The main Apache configuration file is /etc/apache2/apache2.conf however throughout that /etc/apache2/ folder are other configuration files that the main configuration file reads.

cd /etc/apache2/


apache2.conf conf-available conf-enabled envvars magic mods-available mods-enabled ports.conf sites-available sites-enabled

In the main conf file, you can configure many things that depend on the needs of the server.

In that Apache folder, the directories ending in -available/ are the ones that contain the configuration files, while the ones ending in -enabled/ contain symbolic links to the configuration files you want Apache to load.

Creating a new Virtualhost for Apache

Now it’s time to create a new VirtualHost that we can use to deploy multiple websites on a single server. Or rather, we can use it for the subdomain thing as well.

So, create a new folder for the VirtualHost, you can call it whatever you want, but it should be a referential name.

sudo mkdir /var/www/example.imaginelinux.test

Then, make the user or Apache the owner of the folder and assign permissions to it

sudo chown -R $USER:$USER /var/www/example.imaginelinux.test/
sudo chmod 755 -R /var/www/example.imaginelinux.test/

Create an HTML file to prove that we are on the correct virtualhost

nano /var/www/example.imaginelinux.test/index.html

And add some HTML code

<title>New VirtualHost testing</title>
<h1>Welcome to imaginelinux</h1>

Now we need to make a new configuration file for the new Virtualhost in Apache. The name of the configuration file can also be whatever you want but I recommend making it descriptive.

sudo nano /etc/apache2/sites-available/newvirtual.conf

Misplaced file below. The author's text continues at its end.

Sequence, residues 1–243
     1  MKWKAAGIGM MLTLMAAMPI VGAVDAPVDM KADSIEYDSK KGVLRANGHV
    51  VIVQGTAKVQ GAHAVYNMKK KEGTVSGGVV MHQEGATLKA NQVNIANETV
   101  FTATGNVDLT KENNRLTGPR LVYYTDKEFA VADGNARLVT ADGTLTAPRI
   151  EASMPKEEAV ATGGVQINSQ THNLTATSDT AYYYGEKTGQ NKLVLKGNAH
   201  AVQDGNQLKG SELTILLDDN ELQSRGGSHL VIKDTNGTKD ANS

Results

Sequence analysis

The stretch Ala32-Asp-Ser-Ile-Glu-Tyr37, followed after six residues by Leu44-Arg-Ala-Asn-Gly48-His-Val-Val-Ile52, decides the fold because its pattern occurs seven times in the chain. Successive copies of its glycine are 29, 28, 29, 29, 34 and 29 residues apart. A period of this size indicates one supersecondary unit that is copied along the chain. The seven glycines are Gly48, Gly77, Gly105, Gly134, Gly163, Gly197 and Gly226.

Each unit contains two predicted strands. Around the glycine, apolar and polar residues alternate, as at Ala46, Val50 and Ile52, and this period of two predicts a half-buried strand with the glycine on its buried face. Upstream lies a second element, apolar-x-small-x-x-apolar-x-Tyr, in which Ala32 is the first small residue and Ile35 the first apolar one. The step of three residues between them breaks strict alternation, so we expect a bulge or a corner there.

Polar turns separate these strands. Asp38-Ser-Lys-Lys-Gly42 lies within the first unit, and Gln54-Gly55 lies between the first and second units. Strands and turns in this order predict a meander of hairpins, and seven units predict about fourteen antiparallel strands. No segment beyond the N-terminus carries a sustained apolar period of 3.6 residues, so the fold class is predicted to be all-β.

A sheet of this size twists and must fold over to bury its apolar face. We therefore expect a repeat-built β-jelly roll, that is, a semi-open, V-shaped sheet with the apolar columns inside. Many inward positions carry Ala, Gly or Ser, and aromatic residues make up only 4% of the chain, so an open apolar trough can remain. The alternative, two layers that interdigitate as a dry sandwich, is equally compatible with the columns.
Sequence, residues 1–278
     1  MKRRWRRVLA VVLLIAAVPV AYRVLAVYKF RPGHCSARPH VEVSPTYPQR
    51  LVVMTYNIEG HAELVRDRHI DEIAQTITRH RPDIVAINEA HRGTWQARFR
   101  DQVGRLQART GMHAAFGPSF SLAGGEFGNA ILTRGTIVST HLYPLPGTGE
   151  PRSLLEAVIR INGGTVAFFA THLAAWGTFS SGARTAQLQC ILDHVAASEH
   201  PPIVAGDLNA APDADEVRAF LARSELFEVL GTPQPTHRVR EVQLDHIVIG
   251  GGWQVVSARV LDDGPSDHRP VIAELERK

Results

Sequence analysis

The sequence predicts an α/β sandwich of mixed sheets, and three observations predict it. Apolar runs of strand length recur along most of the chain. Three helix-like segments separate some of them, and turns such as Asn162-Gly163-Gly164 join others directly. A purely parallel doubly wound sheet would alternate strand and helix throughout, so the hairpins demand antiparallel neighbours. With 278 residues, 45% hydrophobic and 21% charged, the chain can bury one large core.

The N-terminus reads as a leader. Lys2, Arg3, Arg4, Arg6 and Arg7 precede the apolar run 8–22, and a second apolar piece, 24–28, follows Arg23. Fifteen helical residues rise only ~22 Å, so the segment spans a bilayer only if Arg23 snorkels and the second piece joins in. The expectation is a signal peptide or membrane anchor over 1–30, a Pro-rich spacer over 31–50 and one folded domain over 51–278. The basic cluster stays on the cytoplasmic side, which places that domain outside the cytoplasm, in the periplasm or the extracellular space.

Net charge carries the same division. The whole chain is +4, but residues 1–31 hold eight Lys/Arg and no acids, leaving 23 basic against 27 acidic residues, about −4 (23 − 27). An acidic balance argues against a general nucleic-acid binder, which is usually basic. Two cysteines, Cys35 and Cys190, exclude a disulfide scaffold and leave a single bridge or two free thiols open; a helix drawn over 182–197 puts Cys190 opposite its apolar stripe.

And add the configuration you need. For example:

<VirtualHost *:80>
ServerAdmin example@example
ServerName example.imaginelinux.test
DocumentRoot /var/www/example.imaginelinux.test/
ErrorLog ${APACHE_LOG_DIR}/error.log
CustomLog ${APACHE_LOG_DIR}/access.log combined

In this case, the important values are the Server Name which refers to your domain; a Server Alias will be used for redirection and configuration; Server Admin provides information about the site administrator; Document Root is the path to the folder where the new site is located.

Save the changes and close the editor.

Enable the new VirtualHost

sudo a2ensite newvirtual.conf

And optionally you can disable the default one

sudo a2dissite 000-default.conf

Also, you can check if the syntax of the Virtualhost has error

sudo apache2ctl configtest


Syntax OK

To apply the changes, restart the Apache service

sudo systemctl restart apache2

Now open your favorite web browser and go to http://your-domain and you should see the information you put in the index.html file inside the new Virtualhost.

Virtualhost working after configuring Apache on Debian 11
Virtualhost working after configuring Apache on Debian 11

So, apache is configured.


In this post, you have learned how to install Apache on Debian 11. In addition, you have been able to configure it efficiently so that when you are ready you can use it to serve your projects,

So, tell us, do you like Apache, do you use it, leave us a comment?